We strongly urge you to retain a lawyer or notary to prepare your will rather than using a do-it-yourself will kit. For information on some of the risks associated with using do-it-yourself will kits, please see our article titled “Do-It-Yourself Will Kits”
We recommend that you review your will periodically to ensure that it continues to operate in a manner that reflects your testamentary wishes. Examples of material changes in your affairs that may change the operation of your will or your testamentary wishes include the: birth, or death of a person close to you, commencement or termination of a marriage-like relationship (including a common law relationship), acquisition or disposition of assets (including real estate and gifts), relocation outside of British Columbia, undertaking of any liabilities, and changes in tax, wills or estates laws. It is prudent to review your Will periodically even if you are unaware of any changes in circumstances that may affect the will.
2. Let Your Executor Know the Location of Your Will
When you pass away, one of the first duties of your executor is to conduct a diligent search for any testamentary documents prepared by you during your lifetime. Your executor’s search will be significantly easier if you keep them up to date on the location of your most current will. In addition, it is important to ensure that your executor has the key and/or code necessary to access your will, if applicable. For tips on where to store your will, please see our article titled “Where to Store Your Will”: http://touchstonelawgroup.com/kelowna-lawyers/store-will/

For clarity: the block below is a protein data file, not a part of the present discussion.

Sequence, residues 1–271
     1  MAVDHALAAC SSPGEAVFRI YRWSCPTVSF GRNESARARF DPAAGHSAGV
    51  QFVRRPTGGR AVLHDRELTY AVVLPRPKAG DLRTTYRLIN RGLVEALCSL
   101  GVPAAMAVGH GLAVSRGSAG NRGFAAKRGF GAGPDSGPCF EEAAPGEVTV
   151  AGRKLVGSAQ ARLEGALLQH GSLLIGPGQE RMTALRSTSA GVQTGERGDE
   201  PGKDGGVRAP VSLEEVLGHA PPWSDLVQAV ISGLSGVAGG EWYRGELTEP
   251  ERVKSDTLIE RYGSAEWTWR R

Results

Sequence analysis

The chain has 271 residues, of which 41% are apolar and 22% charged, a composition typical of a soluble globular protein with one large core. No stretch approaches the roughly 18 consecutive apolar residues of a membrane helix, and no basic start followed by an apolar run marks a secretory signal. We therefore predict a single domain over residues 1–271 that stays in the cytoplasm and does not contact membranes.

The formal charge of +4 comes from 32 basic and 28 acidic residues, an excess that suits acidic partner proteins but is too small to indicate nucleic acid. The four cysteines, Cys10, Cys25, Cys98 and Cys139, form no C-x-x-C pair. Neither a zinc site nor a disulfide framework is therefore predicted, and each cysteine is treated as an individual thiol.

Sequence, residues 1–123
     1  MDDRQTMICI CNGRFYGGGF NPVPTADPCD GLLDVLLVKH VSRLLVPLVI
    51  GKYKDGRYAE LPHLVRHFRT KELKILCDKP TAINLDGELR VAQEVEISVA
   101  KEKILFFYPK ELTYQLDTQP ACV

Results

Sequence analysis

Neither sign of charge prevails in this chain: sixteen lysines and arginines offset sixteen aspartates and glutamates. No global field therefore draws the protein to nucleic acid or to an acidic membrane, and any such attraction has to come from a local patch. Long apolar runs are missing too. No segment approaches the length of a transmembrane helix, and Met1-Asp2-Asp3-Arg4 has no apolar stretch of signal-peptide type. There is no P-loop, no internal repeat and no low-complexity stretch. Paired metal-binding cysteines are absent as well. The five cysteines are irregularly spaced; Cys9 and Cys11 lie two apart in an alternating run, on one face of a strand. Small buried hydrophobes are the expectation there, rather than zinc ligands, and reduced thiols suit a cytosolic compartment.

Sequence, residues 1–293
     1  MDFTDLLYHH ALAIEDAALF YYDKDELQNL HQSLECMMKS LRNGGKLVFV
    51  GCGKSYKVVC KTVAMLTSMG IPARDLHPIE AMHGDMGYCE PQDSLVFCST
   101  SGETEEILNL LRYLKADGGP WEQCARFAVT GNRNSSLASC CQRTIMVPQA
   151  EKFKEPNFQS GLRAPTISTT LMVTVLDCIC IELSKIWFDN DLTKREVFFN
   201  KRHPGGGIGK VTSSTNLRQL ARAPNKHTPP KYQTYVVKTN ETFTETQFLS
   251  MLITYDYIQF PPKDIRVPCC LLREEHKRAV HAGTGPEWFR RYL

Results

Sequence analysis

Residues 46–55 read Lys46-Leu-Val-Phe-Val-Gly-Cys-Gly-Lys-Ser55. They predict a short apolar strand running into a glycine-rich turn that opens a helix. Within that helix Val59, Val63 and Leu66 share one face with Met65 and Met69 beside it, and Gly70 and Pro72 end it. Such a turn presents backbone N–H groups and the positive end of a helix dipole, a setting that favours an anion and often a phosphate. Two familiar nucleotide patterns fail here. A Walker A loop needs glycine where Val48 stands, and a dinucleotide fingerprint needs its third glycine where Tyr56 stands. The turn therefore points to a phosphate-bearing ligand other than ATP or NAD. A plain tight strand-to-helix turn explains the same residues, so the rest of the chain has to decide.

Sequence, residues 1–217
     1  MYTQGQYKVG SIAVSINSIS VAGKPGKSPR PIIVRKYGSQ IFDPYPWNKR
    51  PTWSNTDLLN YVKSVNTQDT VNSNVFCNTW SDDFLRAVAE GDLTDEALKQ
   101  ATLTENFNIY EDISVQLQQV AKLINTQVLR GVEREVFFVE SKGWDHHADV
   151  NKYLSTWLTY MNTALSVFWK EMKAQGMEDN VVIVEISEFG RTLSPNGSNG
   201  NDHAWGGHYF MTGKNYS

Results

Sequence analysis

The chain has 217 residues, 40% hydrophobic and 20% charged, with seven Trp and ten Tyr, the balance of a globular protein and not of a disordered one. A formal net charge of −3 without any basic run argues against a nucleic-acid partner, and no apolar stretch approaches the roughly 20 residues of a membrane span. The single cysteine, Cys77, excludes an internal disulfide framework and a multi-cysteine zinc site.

3. Don’t Jump Into Joint Tenancy
When two or more people own assets (real estate, bank account, etc.) together, they will either own the property as joint tenants or tenants in common. With joint tenancy, the asset would automatically transfer to the surviving joint tenant by way of the right of survivorship. This means that the asset would not require a grant of probate from the Supreme Court of British Columbia and probate fees would not be payable. When one tenant in common passes away, their respective share in the asset would pass through their estate and a grant of probate would likely be required to transfer the asset to that person’s ultimate beneficiaries.
Joint tenancy is a great estate planning tool in certain limited circumstances. For example, if spouses wish to leave their entire estate to each other joint tenancy can be faster and less expensive than having the asset pass under the deceased spouse’s will. We are often asked if it is prudent for a single parent to add an adult child as a joint tenant on their house, bank account, etc. In most cases the answer is no. When multiple children are involved, this can lead to lengthy and expensive litigation to determine whether the asset was intended to be a gift to the joint tenant child or if that child holds the asset in trust for the estate. If the parent’s intention is to give the child access to their money to pay bills, it is generally preferable to appoint the child as the parent’s attorney in a power of attorney.